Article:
HarperCollins sparked outrage by omitting Israel from maps of the Middle East, but later apologized for the omission.
The publishing house sells English-language atlases to schools, which included maps that didn’t have Israel in its current position.
“HarperCollins regrets the omission of the name Israel from their Collins Middle East Atlas,” the company said in a statement.
“This product has now been removed from sale in all territories and all remaining stock will be pulped. HarperCollins sincerely apologizes for this omission and for any offense caused.”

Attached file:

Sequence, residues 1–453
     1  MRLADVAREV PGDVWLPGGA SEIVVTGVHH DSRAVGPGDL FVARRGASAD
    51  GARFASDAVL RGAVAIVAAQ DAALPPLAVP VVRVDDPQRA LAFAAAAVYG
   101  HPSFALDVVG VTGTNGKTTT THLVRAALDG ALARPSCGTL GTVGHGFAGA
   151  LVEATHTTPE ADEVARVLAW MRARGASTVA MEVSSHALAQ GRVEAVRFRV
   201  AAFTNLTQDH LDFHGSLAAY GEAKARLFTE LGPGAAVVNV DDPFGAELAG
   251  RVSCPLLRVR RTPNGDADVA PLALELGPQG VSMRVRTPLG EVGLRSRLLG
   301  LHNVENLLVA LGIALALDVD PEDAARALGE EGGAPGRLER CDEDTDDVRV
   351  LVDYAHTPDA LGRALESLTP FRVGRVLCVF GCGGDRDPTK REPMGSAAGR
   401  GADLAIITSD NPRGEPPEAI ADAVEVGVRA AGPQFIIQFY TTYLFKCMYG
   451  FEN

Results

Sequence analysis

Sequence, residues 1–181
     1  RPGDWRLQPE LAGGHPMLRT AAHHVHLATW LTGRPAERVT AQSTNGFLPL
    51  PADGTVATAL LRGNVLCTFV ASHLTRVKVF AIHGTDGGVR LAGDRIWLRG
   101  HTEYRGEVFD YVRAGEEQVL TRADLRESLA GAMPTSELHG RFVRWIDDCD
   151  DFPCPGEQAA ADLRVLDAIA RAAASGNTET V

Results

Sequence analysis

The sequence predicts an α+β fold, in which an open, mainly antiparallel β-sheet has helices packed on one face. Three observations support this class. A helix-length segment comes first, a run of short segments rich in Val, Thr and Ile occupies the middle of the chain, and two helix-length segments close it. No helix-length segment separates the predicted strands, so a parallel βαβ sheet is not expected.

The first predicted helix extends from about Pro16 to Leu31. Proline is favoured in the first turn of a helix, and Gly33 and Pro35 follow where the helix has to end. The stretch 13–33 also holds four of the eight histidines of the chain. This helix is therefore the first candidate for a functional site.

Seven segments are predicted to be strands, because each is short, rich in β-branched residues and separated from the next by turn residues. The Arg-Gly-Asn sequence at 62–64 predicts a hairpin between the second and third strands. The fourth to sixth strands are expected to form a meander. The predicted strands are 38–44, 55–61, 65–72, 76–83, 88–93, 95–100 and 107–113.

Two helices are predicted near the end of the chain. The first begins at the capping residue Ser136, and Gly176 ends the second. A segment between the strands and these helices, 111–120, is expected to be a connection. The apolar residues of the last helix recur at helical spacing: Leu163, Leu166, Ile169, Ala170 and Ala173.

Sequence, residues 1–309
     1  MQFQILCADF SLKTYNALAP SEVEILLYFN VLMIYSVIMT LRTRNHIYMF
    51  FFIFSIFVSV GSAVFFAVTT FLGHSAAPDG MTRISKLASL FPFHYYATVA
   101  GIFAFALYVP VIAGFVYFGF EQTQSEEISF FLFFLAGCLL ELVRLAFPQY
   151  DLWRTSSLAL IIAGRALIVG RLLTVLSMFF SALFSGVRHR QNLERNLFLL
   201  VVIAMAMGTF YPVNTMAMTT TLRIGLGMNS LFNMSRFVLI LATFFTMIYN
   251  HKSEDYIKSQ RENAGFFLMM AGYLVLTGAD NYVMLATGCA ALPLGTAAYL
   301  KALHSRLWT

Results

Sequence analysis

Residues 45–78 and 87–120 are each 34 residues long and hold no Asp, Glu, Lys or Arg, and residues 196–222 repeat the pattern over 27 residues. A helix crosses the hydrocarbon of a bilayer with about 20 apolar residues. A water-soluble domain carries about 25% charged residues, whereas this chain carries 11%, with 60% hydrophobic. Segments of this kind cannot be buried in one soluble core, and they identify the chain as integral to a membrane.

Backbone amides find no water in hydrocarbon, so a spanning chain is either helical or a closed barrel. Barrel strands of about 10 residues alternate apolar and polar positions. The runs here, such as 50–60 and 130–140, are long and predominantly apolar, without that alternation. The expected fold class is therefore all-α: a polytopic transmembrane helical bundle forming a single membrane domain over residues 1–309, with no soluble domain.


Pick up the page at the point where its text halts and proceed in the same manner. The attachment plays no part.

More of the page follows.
However, the map remained available on websites such as Amazon and Barnes and Noble.
HarperCollins apology came about a day after Collins Bartholomew, a subsidiary of HarperCollins that publishes maps, made waves by claiming they couldn’t include Israel.
The company told The Tablet that including Israel in the atlas would have been “unacceptable” to their customers and that leaving the country off the map was due to “local preferences.”
HarperCollins said on its website that the atlas was “developed specifically for schools in the Middle East.”
“The maps give in-depth coverage of the region and its issues,” the description said.
The Tablet reported that customs officials in one Gulf nation has only been allowing regular atlases to reach schools after Israel was crossed off.